Urban Mobility and Climate Change

By Pavlina Dravecka / Updated: 22 Sep 2015

If anyone still had any doubts, the United Nations’ Intergovernmental Panel on Climate Change (IPCC) concluded in its Fifth Assessment Report last month that scientists are 95 percent certain that humans are the ‘dominant cause’ of global warming. The report, which gathered the views of 800 scientists from 195 countries, warns that the planet is set for a temperature rise of more than two degrees Celsius compared to pre-industrial levels over the next few decades. Moreover, it projects that warming will continue under all scenarios. Containing climate change will require ‘substantial and sustained reductions of greenhouse gas emissions’.

Climate Action Commissioner Connie Hedegaard sees the latest IPCC report as a stark wake-up call. She said, “If your doctor was 95 percent sure you had a serious disease, you would immediately start looking for the cure. Why should we take bigger risks when it's the health of our planet at stake?”


An effective response certainly needs to involve the transport sector. Transport is the second biggest greenhouse gas emitting sector after energy and the only major sector where greenhouse gas emissions are still rising. Road transport contributes about a fifth of total CO₂ emissions in the EU. Between 1990 and 2010, CO₂ emissions from road transport increased by nearly 23 percent, and it is assumed that emissions would have risen even further without the economic downturn*.  Urban transport accounts for 40 percent of all road transport in the EU and is responsible for a quarter of CO₂ emissions from transport**.  European cities therefore have a key role to play to achieve the substantial and sustained reductions of greenhouse gas emissions the situation calls for.


Netherlands) has introduced a solar-powered electric vehicle for freight distribution in the city centre. The so-called Cargohopper replaces 100,000 fossil fuel-powered van kilometers a year, which is the equivalent of 30 tonnes of CO₂.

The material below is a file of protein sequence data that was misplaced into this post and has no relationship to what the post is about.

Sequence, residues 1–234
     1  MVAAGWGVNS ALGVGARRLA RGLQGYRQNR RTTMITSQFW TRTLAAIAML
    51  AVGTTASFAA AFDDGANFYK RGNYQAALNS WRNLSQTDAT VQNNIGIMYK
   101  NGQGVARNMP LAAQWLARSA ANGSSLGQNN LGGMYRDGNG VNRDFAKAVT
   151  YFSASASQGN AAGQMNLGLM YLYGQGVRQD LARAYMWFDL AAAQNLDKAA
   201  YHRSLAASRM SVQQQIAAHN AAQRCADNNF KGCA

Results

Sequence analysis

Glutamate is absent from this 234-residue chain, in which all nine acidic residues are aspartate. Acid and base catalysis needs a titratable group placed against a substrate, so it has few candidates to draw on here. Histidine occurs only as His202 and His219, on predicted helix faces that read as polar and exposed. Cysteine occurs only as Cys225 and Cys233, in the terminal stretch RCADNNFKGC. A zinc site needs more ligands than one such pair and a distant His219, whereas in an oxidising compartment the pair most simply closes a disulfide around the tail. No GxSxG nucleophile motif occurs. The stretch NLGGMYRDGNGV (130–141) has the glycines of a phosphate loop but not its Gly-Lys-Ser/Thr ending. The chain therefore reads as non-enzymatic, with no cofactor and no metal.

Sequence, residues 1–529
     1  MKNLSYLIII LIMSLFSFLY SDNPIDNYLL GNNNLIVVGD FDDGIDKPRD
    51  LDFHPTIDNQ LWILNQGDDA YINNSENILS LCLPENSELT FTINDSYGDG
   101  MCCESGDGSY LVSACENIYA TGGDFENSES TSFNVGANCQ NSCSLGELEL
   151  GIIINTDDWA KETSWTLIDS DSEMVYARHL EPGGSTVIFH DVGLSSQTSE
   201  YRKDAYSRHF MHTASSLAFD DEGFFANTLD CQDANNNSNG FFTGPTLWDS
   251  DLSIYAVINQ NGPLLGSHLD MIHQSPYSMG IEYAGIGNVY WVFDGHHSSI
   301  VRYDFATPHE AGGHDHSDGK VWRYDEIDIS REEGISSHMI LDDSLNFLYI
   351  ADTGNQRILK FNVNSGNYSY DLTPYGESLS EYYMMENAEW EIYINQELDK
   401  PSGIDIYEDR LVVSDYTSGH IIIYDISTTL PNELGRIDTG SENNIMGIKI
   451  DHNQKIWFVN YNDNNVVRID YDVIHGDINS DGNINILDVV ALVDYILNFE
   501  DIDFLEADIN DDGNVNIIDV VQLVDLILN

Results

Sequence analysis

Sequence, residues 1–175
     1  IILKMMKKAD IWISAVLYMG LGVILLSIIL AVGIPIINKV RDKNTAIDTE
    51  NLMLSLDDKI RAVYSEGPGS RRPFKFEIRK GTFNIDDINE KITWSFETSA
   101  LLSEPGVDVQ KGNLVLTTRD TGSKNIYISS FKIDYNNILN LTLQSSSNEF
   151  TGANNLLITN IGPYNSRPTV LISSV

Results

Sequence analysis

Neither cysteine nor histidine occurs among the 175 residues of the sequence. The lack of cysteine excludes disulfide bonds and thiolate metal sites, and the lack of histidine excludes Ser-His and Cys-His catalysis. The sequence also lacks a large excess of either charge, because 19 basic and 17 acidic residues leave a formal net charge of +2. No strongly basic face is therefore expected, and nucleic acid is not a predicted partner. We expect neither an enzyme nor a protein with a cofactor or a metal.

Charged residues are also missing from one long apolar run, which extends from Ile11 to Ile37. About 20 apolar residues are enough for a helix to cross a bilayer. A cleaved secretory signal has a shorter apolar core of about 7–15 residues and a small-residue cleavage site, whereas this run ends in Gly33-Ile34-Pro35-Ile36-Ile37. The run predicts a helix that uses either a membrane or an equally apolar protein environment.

Prague (Czech Republic) has introduced an environmental zone that bans vehicles of more than 3.5 tonnes from the city centre. Vehicles of more than 6 tonnes are also not allowed in the surrounding areas. These access restrictions have led to a decrease of 1,650 tonnes in CO₂ emissions a year. In London (UK) initiatives such as public bikes and commuter cycling ‘superhighways’ have increased cycling on major roads by 173 per cent since 2011. The city has also just introduced a New Bus for London. The diesel-electric hybrid emits less than half the CO₂ of a current London diesel bus.

The per capita emissions of residents in Nantes (France) are almost 50 percent lower than the EU average. Although Nantes is the sixth biggest city in France by population, it is third when it comes to the number of its inhabitants using public transport, after Paris and Lyon. Part of the reason is that Nantes was the first French city to re-introduce trams in the 1980s and now boasts the longest tram network in France.

Transforming urban mobility requires a joint effort
However, while initiatives like these are certainly worthwhile, single measures and scattered efforts are not enough to achieve the required transformation to low-carbon mobility. In 2011, the European Commission published a White Paper on Transport titled ‘Transport 2050 - Roadmap to a Single European Transport Area’***. It proposes steps that will contribute to a 60 percent cut in Europe’s transport emissions by 2050.

The EC aims to free cities of conventionally fuelled cars by 2050 and achieve CO₂-free movement of goods in major urban centres by 2030. Major goals such as these cannot be reached by stand-alone measures. They require careful long-term planning that is embedded into broader urban planning with a vision for a sustainable future.

An integrated planning approach addresses all modes and forms of mobility in cities and their surrounding areas. Rather than imposing a vision and certain measures onto a city, people should be actively involved in all stages of the planning process. Such a Sustainable Urban Mobility Plan (SUMP) should define a set of interrelated measures to systematically bring you closer to the vision for your city. You will be hearing more from us on SUMPs in the coming months but if you would like to learn more in the meantime, visitwww.mobilityplans.eu.